Under the Municipalities Network Advocacy on Sanitation in South Asia phase 1 (MuNASS I) project, a Shit Flow Diagram (SFD) Survey was conducted in 2019. MuNASS I project was implemented in Nepal from March 2018 to December 2020 with the Municipal Association of Nepal (MuAN) as the implementing partner, the Environment and Public Health Organization (ENPHO) as the technical partner, the United Cities and Local Government Asia Pacific (UCLG ASPAC) as the Executing Agency and the Bill and Melinda Gates Foundation (BMGF) as the funding partner. The survey results reflected the need for interventions throughout the sanitation value chain to improve services and technologies. Existing containments at the household level, except for fully lined tanks, were not appropriate owing to groundwater pollution. The large proportion of containments never emptied led to leakages or unauthorized open emptying practices into the environment with a potential threat to human health. Faecal sludge emptied and disposed of without any treatment was a serious issue. In the absence of regulations, regulating agencies and treatment plants, the problem could lead to an outbreak of disease. Hence, sharing findings from the SFD survey triggered Waling to immediately act to improve Faecal Sludge Management (FSM) for a better environment and to advance human health.
Endorsement of municipal FSM policy, allocation of an adequate budget with a proper FSM plan, initiation of desludging service and construction of a Faecal Sludge Treatment Plant (FSTP) was possible with determined and strong leadership of the municipality. The FSTP site was introduced as a Municipal Sanitation Centre with good social acceptance, and it is now one of the popular recreational centres for the people of Waling and a learning centre for many municipalities of Nepal.
Date of publication: February 2023
A SFD survey carried out in 2019 (Figure 2) showed that the municipality was at higher risk of waterborne diseases and groundwater pollution because of inappropriate FSM. The municipality had no sewerage but 2% of population practiced direct discharge from toilets into stormwater drains.
Lined tanks with impermeable walls and open bottoms were the predominant containment in most of the households (Figure 3). Upon assessment of the danger of groundwater contamination, it was found that 90% of containments connected to soak pits had a considerable risk of groundwater contamination. Similarly, 94% of containments connected to open drains had a major risk of groundwater contamination. Despite Waling municipality being declared an Open Defecation Free (ODF), 1% of the population still practiced open defecation in nearby forest/rivers/open lands.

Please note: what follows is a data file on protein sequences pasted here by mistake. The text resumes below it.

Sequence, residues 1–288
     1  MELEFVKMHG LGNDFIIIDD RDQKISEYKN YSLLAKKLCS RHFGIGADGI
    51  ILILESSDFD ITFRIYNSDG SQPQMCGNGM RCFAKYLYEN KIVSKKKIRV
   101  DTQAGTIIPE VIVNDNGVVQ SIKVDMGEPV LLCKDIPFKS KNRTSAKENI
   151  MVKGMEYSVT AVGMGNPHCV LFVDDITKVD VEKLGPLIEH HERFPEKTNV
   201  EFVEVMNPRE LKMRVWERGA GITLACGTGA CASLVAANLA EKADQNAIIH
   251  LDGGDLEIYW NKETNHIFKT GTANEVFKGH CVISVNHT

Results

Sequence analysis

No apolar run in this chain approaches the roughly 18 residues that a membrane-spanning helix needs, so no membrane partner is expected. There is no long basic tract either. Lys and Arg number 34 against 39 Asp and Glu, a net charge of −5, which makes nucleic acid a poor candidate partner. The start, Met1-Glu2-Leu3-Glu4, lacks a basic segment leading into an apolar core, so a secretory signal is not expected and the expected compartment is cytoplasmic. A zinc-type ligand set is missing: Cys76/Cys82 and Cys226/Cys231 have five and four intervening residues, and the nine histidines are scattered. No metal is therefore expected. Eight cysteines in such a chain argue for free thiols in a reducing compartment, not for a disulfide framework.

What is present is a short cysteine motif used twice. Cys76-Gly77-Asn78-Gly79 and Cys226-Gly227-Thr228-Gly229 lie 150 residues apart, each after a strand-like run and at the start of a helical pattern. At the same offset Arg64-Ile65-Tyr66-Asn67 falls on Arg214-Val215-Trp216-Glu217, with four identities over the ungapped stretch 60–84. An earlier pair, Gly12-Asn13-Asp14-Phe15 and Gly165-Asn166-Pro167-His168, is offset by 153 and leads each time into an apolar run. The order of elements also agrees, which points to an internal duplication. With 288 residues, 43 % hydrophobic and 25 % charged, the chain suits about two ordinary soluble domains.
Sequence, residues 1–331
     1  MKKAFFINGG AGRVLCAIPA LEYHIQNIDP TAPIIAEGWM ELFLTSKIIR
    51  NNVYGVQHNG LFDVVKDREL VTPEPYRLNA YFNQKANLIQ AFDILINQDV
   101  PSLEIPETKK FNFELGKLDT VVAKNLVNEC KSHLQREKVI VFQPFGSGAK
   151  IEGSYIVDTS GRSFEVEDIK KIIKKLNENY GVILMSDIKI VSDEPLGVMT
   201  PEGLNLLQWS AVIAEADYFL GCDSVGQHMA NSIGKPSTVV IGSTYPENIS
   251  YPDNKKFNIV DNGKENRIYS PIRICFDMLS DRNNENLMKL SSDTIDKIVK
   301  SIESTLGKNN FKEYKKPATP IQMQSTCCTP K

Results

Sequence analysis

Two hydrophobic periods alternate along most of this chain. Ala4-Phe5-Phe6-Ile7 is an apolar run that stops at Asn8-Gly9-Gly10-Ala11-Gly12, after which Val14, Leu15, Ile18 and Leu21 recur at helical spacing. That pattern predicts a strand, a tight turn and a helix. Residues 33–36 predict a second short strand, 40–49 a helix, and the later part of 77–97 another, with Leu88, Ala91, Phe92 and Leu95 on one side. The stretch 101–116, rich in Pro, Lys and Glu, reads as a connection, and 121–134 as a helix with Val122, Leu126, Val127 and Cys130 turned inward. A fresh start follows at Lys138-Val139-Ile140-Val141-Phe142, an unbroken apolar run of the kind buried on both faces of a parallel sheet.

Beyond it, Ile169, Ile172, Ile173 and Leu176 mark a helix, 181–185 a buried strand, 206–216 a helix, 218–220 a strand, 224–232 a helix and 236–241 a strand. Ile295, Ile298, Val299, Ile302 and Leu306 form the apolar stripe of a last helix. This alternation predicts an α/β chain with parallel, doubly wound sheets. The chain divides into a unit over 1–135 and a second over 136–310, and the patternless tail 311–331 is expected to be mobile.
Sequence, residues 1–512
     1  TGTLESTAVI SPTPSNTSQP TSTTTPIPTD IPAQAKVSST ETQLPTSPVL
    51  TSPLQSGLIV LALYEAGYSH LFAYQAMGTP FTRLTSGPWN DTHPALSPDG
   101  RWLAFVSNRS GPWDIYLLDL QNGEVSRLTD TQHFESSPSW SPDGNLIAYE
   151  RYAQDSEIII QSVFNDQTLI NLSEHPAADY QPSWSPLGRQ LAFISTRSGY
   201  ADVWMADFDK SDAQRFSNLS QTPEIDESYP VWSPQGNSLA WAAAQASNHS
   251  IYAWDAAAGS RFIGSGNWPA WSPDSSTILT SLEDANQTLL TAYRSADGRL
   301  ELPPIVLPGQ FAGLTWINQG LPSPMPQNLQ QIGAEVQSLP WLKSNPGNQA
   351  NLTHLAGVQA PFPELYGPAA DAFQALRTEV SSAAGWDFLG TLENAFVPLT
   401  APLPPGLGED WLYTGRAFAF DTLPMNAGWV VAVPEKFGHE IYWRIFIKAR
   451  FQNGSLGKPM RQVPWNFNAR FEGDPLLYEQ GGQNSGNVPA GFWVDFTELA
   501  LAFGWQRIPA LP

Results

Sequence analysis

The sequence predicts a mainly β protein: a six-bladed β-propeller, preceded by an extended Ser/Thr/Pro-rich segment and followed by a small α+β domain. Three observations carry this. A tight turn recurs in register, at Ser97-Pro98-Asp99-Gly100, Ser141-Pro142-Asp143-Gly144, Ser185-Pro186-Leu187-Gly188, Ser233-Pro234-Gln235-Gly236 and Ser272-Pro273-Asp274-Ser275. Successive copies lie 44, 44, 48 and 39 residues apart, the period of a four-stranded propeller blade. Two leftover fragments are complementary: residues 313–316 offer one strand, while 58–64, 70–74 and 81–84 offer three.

The major source of drinking water was surface water. There was a high possibility that natural springs would get contaminated from improper management practices of faecal sludge (FS).
Only 4% of the containments had been emptied at least once since the installation, excluding anaerobic biogas digesters. Most of the containments that were never emptied were large in size (volume) (Table 1). The geographical landscape of Waling also favoured high infiltration from unlined walls and open bottom of containments.
On average, the private desludger made three trips to empty containments and transport FS every month. The municipality had no FSTP, so FS that had been collected by the private desludging vehicle was dumped onto farmland (Figure 4), although the municipality had strictly prohibited such an action. So, the private entrepreneur had initiated a service only to those who had disposal options.
There was no regulatory provision regarding FSM in Waling municipality. FSM was not prioritised and the municipality lacked a designated unit for FSM. Also, a budget was not allocated for any FSM activities. The FS emptied and disposed without any treatment was a serious issue. In the absence of regulations, regulating agencies and treatment plants, the problem could lead to an outbreak of disease.
During implementation of the MuNASS I project, the findings from the SFD survey were shared at a meeting with the municipal council members and officials. MuNASS I also recommended that the municipality act immediately to improve FSM for a better environment and to advance human health. Waling municipal council and officials were so strongly triggered by the SFD findings that they committed to work for FSM in their municipality. A decision was made to endorse municipal FSM policy and prepare an action plan. The former Mayor of Waling municipality Mr Dilip Pratap Khand showed very good leadership and took the initiative in working on FSM. The municipal council soon endorsed the municipal FSM policy. Septic tanks were made mandatory during the building construction permit stage which will ensure new dwellings have a constructed septic tank. There was promotion of anaerobic biogas digesters to farmers with enough space for installation.